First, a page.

UNESCAP pitches for domestic reforms in Asia-Pacific region

The United Nations Under-Secretary-General, and Economic and Social Commission for Asia and the Pacific (ESCAP) Executive Secretary, Shamshad Akhtar urges the Asia-Pacific governments to focus on domestic-resource mobilization for ensuring a better growth.

The Dollar Business Bureau Growth The developing economies in the Asia-Pacific region continue to fare well in comparison to the rest of the world, however, the region’s developing countries will witness only a slight growth in 2015, with no significant change expected in 2016. This was stated by the United Nations Economic and Social Commission for Asia and the Pacific (ESCAP) in its macro-economic outlook report released on Thursday. Stating that the structural weakness constrains growth prospects in the region, the report noted that the growth potential of the developing economies in the region is being held back by the infrastructure shortages and the excessive commodity dependence on some countries. The fragile global economic recovery and consequently subdued global trade pose additional challenges, it noted and emphasized that the inclusive economic growth is key to ensuring sustainable prosperity for all. As per the country-specific projections of the report, ‘China’s planned moderation is expected to lower its growth to 7% in 2015 compared to that of 7.4 % last year and is also expected to be partially offset by an acceleration of growth in India to 8.1% from 7.4% last year. However, the outlook depends critically on solid and sustained domestic reforms in the case of China and India, it noted. In his address, the United Nations Under-Secretary-General and ESCAP Executive Secretary Shamshad Akhtar also made a similar pitch, where he urged the Asia-Pacific governments to focus on domestic-resource mobilization. He further made a series of recommendations to the governments to tap private sector resources for sustainable development– in particular for climate-friendly infrastructure and social financing, along with the focus on increasing their own revenues. “While the traditional sources of finance such as tax revenues and official development assistance are important to bridge the wide financing gap, efforts to deepen the region’s capital markets and engage the private sector must be intensified,” he added.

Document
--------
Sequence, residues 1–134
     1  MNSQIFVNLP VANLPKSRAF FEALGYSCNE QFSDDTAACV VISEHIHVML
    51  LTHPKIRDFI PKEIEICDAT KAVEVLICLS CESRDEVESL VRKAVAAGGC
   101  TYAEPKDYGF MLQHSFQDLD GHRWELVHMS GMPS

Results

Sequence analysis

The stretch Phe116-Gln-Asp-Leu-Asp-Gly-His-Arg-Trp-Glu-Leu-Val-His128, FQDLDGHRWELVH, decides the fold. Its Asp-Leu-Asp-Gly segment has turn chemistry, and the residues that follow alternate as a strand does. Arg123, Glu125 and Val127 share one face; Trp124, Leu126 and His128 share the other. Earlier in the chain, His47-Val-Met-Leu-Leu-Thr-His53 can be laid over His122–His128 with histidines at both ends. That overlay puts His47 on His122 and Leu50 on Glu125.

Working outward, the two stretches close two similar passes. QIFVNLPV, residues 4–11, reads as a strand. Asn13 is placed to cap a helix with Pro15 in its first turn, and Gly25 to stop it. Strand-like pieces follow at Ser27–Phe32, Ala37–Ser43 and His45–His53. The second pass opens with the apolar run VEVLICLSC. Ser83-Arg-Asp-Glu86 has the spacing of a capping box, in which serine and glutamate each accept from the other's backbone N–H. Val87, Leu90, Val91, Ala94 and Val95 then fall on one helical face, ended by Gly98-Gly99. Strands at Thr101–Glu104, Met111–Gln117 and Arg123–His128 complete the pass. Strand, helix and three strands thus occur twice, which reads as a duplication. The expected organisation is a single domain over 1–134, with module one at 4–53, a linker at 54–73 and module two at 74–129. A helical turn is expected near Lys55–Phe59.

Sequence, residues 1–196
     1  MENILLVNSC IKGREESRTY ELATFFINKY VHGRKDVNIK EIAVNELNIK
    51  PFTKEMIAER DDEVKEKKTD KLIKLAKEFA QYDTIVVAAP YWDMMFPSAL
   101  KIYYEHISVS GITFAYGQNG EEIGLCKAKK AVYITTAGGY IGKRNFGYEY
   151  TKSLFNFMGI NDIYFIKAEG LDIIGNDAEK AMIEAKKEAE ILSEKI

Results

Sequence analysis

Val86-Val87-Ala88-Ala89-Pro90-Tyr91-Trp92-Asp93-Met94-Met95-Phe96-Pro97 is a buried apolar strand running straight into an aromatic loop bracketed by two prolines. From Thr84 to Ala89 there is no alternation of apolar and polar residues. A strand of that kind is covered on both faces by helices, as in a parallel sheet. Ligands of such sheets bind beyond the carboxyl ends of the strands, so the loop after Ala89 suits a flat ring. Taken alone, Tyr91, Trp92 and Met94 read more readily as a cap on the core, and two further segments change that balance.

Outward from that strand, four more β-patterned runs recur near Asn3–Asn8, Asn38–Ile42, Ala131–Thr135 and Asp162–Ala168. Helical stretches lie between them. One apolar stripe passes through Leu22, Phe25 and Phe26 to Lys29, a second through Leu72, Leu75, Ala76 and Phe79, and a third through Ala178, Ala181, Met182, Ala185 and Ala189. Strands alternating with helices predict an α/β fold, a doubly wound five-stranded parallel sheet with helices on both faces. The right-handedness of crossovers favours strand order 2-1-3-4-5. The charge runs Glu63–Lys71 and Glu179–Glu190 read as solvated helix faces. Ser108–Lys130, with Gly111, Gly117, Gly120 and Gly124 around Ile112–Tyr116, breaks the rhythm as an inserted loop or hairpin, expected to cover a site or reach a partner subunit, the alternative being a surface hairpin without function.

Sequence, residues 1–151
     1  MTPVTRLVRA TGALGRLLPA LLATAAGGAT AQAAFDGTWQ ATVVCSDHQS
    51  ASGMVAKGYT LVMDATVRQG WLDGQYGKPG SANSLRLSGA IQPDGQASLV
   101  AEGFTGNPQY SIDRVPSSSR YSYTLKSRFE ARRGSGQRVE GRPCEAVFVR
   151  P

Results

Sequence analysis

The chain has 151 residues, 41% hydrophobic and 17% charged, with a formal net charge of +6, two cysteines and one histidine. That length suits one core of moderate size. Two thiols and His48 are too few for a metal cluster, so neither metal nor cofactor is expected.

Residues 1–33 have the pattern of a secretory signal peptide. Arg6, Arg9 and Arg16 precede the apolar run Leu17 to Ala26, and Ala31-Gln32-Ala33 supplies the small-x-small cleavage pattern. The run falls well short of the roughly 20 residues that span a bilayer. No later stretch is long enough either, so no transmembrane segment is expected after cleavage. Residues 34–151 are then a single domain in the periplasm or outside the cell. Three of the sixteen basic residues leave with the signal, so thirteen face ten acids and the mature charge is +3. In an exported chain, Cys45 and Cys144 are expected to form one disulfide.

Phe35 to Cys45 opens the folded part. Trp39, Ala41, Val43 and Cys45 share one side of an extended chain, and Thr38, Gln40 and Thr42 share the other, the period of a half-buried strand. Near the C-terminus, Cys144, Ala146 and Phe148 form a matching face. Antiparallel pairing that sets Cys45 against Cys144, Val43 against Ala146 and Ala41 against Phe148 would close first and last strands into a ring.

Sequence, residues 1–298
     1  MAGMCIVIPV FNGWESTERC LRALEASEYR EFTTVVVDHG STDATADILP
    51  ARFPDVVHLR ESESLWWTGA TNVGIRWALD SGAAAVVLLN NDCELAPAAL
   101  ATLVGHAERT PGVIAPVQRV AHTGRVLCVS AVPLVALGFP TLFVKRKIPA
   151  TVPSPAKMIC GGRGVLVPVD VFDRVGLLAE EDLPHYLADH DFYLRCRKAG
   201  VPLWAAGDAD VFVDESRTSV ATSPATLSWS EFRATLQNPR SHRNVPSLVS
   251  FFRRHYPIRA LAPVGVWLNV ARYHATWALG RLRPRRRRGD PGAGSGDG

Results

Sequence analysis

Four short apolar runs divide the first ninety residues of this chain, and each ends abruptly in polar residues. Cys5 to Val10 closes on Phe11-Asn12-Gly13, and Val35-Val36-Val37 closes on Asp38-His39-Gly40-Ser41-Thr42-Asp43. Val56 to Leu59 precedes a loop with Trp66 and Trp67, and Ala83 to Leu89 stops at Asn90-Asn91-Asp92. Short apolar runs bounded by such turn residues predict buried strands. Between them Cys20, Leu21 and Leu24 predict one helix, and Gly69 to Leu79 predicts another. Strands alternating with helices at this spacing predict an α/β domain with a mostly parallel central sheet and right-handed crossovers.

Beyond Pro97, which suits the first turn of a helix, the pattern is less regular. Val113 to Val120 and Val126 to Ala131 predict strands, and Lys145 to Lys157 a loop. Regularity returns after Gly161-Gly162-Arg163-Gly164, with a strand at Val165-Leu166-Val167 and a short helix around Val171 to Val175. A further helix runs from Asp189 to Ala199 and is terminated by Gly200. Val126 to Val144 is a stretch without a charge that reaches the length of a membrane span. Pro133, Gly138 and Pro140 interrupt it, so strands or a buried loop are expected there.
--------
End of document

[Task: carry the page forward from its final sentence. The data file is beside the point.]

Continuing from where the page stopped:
May 14, 2015 | 7:07 pm IST.

 
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